Why 5 and 7? It's a pretty narrow range and that's to try and minimize errors. Lots of 2FA notifications include the sender phone number in one of two formats, ###-###-#### or ##########. So, if the lower bound of the quantifier range is less than 5, it would capture the parts of the segmented phone number, and if the upper bound of the quantifier range greater than 8 it would capture the non-segmented phone number.

So, why not use 8 for the upper bound then? The quick answer is that I have yet to receive a notification over 7 digits so I'm just trying to eliminate as many potential errors as possible.

Step 3.

Now that I have captured the code, I place it on the system clipboard so it can easily be pasted into a webpage.

Set System Clipboard

Step 4.

Finally, I display the captured code really large just in case I can't paste it directly into the webpage. This is much easier to read than the small notification and stays on the screen even while you type the code.

Display Large Text

Eventually I may turn this particular action off as it can be annoying at times 🤷‍♂️...

Potential Problems

So, what happens if a code isn't found?

If the regex can't find a matching code in the OCR'd text the macro gets canceled and Keyboard Maestro sends a notification like below.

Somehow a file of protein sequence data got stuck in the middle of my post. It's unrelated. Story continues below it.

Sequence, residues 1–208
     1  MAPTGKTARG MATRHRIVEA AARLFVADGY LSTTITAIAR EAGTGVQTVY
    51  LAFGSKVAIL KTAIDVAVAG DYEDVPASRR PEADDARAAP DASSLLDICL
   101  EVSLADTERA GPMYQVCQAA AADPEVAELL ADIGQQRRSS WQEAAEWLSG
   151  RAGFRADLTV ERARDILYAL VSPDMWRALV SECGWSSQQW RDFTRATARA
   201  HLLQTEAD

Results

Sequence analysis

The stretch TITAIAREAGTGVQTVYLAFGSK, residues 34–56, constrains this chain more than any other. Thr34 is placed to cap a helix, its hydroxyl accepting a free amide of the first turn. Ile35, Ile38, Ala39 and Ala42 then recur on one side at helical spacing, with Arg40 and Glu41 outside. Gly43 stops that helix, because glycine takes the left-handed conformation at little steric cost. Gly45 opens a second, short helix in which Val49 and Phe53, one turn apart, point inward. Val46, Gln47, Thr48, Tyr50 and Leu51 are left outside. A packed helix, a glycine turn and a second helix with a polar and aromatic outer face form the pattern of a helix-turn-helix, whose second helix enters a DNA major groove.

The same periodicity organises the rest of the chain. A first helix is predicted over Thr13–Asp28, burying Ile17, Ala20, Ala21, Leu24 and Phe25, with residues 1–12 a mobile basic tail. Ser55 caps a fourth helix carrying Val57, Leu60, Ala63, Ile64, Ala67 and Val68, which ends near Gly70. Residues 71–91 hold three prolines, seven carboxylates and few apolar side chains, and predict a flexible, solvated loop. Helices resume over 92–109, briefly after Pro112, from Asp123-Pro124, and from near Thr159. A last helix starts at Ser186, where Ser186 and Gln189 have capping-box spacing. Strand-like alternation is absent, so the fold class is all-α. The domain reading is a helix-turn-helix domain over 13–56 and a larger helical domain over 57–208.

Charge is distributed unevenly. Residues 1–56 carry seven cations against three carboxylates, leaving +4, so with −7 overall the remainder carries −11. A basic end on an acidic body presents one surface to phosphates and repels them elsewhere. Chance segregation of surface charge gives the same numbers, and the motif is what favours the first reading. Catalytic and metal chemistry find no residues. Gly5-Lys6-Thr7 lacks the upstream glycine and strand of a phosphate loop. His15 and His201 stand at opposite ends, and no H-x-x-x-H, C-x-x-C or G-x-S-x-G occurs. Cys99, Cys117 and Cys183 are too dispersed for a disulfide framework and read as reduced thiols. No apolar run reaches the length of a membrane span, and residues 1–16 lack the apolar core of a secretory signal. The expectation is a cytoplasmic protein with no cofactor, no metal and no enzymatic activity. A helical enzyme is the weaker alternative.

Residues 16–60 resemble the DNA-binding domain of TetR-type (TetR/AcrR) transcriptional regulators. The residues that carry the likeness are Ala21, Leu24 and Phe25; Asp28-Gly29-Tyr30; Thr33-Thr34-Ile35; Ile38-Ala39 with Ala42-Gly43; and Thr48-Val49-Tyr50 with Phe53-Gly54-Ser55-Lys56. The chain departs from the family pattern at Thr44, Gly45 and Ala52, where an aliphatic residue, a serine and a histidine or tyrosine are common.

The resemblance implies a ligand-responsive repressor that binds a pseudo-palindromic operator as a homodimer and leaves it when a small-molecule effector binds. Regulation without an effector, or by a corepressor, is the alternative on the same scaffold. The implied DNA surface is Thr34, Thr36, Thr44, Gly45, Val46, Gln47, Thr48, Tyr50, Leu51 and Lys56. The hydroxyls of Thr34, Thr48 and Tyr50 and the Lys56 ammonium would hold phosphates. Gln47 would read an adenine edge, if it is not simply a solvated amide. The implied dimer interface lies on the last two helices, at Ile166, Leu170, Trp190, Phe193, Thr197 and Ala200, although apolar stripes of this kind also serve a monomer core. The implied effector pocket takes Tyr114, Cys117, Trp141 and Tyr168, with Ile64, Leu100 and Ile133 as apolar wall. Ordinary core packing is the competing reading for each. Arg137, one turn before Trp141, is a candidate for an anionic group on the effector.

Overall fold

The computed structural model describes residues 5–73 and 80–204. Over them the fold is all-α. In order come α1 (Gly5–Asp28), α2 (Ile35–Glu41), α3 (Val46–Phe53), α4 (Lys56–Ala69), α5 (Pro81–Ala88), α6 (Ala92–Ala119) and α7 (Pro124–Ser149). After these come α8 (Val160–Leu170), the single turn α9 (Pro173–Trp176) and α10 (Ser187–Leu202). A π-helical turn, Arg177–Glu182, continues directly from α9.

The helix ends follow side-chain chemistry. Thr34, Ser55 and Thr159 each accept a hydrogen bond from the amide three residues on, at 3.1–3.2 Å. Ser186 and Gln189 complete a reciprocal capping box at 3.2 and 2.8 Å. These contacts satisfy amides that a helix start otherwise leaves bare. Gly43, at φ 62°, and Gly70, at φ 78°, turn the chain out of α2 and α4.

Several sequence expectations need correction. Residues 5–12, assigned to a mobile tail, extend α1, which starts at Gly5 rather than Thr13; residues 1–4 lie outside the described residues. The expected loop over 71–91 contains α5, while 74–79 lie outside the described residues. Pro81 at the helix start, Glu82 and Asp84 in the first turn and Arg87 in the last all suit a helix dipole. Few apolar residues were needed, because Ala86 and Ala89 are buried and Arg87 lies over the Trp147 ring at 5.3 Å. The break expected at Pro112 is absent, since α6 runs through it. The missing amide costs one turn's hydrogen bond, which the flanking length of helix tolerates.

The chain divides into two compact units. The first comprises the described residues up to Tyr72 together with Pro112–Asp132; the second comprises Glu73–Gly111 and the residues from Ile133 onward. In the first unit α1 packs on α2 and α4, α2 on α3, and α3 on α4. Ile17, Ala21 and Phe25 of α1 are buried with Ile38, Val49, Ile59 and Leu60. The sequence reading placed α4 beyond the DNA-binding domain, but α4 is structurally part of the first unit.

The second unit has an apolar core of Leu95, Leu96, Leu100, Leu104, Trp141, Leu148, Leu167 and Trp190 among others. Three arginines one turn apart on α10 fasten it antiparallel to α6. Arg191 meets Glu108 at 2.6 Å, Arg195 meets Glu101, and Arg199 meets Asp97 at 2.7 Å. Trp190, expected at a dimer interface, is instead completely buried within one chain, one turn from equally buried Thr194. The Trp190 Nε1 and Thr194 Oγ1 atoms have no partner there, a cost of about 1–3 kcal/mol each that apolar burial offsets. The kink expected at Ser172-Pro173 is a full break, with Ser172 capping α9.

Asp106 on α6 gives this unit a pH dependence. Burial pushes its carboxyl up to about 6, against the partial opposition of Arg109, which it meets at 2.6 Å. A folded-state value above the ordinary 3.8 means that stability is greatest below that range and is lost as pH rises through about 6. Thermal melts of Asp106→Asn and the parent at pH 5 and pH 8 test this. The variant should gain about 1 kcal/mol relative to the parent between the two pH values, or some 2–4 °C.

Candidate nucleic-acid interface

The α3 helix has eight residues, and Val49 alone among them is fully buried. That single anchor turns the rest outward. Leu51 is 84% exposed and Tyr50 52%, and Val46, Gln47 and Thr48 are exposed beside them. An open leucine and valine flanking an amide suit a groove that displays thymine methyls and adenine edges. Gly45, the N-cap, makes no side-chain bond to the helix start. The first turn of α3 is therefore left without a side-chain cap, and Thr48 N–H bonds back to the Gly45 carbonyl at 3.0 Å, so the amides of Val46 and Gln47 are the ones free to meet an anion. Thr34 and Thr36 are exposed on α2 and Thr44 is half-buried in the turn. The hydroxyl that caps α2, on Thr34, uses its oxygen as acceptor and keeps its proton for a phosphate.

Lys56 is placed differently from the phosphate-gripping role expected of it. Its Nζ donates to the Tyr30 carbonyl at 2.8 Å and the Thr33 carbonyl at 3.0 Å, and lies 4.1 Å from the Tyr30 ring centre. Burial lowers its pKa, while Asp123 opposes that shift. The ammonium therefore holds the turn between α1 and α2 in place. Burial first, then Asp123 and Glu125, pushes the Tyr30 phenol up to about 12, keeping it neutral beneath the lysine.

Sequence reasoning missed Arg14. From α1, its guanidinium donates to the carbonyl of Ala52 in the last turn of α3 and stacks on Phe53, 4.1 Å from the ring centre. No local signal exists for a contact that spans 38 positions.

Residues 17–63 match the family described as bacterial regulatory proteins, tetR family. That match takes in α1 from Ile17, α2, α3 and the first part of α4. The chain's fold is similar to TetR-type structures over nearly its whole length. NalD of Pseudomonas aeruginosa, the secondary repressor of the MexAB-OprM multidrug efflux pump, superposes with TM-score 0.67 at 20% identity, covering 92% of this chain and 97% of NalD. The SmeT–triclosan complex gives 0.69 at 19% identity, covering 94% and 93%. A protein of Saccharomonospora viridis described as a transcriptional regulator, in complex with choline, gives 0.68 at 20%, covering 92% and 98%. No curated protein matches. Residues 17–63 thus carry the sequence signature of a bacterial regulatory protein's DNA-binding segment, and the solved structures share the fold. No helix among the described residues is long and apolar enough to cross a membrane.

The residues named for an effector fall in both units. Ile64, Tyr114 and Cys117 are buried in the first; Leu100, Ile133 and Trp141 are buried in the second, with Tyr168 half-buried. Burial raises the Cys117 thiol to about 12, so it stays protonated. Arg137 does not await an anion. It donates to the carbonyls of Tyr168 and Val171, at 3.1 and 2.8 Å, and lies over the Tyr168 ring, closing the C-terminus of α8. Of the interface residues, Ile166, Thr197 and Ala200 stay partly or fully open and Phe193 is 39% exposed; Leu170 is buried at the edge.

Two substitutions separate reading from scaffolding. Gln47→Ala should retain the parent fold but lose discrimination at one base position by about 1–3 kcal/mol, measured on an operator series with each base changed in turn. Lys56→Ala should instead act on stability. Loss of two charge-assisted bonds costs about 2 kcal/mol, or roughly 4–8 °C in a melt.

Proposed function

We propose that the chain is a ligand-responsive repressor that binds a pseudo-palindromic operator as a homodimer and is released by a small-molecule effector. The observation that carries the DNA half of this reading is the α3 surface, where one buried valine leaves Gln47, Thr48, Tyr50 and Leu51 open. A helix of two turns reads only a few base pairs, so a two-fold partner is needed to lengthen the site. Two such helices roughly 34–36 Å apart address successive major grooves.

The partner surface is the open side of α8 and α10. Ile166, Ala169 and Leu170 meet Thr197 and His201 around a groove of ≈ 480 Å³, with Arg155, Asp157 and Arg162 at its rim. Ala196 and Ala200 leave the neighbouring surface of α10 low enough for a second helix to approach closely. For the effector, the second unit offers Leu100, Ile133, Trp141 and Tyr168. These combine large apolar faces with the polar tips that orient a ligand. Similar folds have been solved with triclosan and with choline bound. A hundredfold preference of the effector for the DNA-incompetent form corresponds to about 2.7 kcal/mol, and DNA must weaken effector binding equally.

Macro OCR Error

If you find this happening often you may need to adjust your OCR Area placement from Step 1 or you may adjust your lower and upper bounds of the regex quantifier in Step 2.

Final Macro

Here's the final macro in all its glory 🙌.

Final Keyboard Maestro Macro

It's really simple but quite useful. You can download it here if you think it could help make your life a bit easier. It's set up to be triggered by the Hyper Key + 2 (Shift-Control-Option-Command-2). The number 2 is easy to remember for "2FA" and also simple to press quickly with your left hand. ✌️

Pro Tip: If you completely miss the notification you can still OCR it by opening Notification Center and running the macro. The 2FA notification does need to be at the top of the list or it won't be in the capture area Keyboard Maestro is looking at.

Category: productivity

Tags: chrome, keyboard maestro, macos, productivity